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Changes In Expectations Of Youth Sports Parents

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PCA National Advisory Board Member Jay Coakley (@SiSCoakley) is Professor Emeritus of sociology at the University of Colorado at Colorado Springs. He has done 40 years of research on connections between sports, culture and society, much of that focused on the play, games and sport participation of young people. His Sports in Society: Issues and Controversies(11th edition) is the world's most widely used sports sociology text.

In this video, Coakley explains how the cultural shift in expectations for parents today has transferred into sports. Coakley states that “at no time in human history have parents been held responsible for the whereabouts and the behavior of their children 24/7.” This shift has caused parents to look at their children in a different way than they did in the past. Today, parents are evaluated by the success of their children, especially in activities like sports because they provide a public, highly visible, and achievement-oriented environment.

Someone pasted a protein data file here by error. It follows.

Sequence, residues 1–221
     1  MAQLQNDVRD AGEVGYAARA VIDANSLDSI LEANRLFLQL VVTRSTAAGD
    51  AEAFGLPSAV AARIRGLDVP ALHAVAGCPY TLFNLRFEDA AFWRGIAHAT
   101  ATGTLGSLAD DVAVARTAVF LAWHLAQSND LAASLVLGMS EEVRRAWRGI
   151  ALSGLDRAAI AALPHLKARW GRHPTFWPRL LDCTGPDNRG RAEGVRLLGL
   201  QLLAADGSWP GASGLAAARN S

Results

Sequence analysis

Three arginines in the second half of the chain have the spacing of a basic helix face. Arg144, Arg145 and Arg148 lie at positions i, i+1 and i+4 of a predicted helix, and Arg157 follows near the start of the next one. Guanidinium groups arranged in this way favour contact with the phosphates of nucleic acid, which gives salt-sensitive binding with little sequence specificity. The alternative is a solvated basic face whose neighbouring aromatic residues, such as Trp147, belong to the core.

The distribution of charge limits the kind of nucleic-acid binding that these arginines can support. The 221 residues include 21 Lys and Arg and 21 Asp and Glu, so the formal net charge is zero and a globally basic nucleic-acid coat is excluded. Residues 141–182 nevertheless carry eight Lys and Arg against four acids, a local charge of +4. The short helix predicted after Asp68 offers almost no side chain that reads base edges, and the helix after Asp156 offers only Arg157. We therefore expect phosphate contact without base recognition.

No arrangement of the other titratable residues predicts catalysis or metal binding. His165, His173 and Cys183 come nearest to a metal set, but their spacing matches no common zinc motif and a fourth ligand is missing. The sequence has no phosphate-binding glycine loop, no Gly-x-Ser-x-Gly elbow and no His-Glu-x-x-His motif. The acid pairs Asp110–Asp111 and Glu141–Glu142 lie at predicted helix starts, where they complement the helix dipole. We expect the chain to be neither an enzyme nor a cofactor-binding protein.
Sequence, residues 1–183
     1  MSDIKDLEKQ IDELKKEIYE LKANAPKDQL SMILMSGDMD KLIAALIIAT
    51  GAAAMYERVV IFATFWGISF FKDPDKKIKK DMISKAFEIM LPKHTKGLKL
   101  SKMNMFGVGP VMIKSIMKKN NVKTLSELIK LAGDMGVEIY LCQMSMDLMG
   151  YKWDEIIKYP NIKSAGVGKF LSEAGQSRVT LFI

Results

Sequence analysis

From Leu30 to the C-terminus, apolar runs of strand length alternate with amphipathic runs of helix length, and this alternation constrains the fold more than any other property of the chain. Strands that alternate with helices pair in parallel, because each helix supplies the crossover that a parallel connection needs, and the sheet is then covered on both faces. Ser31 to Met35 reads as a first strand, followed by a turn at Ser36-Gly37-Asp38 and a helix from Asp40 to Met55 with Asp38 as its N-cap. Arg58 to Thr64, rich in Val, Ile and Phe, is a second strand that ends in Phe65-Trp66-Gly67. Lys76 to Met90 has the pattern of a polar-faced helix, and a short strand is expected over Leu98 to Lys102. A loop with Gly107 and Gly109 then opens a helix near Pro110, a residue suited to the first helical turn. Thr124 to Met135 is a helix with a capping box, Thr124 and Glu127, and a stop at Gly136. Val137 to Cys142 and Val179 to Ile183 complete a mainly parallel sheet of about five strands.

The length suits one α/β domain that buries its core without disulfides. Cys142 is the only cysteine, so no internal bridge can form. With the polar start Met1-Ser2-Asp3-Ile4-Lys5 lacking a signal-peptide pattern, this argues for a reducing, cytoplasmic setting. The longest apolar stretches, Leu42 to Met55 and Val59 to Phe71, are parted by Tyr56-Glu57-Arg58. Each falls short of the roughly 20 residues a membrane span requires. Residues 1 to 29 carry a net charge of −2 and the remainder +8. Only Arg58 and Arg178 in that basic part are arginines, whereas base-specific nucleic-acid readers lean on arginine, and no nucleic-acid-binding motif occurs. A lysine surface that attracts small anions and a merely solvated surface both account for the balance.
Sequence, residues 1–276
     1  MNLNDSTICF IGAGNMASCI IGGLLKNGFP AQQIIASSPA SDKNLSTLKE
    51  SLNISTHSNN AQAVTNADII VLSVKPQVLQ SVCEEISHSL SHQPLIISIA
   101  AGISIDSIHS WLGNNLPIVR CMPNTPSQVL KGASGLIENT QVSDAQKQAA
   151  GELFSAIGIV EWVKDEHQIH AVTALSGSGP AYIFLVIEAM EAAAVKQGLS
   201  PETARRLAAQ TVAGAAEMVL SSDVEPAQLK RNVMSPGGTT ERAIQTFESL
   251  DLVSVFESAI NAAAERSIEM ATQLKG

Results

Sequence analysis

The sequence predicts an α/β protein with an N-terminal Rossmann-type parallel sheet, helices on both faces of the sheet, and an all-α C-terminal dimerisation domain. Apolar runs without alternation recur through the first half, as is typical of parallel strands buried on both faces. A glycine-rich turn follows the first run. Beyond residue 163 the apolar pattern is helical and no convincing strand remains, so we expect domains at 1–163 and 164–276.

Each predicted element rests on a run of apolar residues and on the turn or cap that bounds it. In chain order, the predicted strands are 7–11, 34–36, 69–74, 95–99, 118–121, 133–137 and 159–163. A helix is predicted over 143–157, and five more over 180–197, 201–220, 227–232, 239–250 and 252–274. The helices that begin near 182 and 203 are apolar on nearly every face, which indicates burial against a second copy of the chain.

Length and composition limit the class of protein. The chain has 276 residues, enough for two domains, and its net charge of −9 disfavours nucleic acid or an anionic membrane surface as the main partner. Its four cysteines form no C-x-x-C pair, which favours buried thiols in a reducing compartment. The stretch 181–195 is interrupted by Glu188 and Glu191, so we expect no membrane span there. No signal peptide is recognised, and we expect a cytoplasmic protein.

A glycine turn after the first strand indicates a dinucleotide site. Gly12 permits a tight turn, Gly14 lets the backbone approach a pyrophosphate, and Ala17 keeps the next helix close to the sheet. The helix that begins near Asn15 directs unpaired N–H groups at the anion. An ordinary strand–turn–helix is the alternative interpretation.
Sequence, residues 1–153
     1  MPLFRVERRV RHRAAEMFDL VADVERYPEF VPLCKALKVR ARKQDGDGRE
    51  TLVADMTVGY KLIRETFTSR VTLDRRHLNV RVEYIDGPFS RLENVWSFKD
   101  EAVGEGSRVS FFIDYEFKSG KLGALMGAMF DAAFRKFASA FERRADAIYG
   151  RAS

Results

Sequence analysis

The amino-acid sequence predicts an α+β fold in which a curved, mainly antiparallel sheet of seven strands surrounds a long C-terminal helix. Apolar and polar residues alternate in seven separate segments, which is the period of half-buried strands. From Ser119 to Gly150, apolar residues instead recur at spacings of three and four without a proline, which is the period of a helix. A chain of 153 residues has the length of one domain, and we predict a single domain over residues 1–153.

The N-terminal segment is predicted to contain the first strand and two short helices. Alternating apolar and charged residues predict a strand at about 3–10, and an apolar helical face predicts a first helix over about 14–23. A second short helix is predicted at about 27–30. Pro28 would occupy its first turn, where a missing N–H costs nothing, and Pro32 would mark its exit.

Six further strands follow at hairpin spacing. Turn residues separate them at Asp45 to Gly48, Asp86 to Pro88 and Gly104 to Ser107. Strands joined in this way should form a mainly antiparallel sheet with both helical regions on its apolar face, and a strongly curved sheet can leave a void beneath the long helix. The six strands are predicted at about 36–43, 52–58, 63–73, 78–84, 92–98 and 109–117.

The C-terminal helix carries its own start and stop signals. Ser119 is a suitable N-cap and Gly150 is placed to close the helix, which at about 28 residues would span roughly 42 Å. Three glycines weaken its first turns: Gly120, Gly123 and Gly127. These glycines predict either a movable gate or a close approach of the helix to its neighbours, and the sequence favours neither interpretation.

One of the biggest problems in youth sports today is that parents feel it is their duty to advocate and protect their child’s interest because they believe no one else will, and parents “see the achievement of their kids as being evidence as their own moral worth as parents.” This has led parents to be involved in ways that we, as a society, have not seen in the past.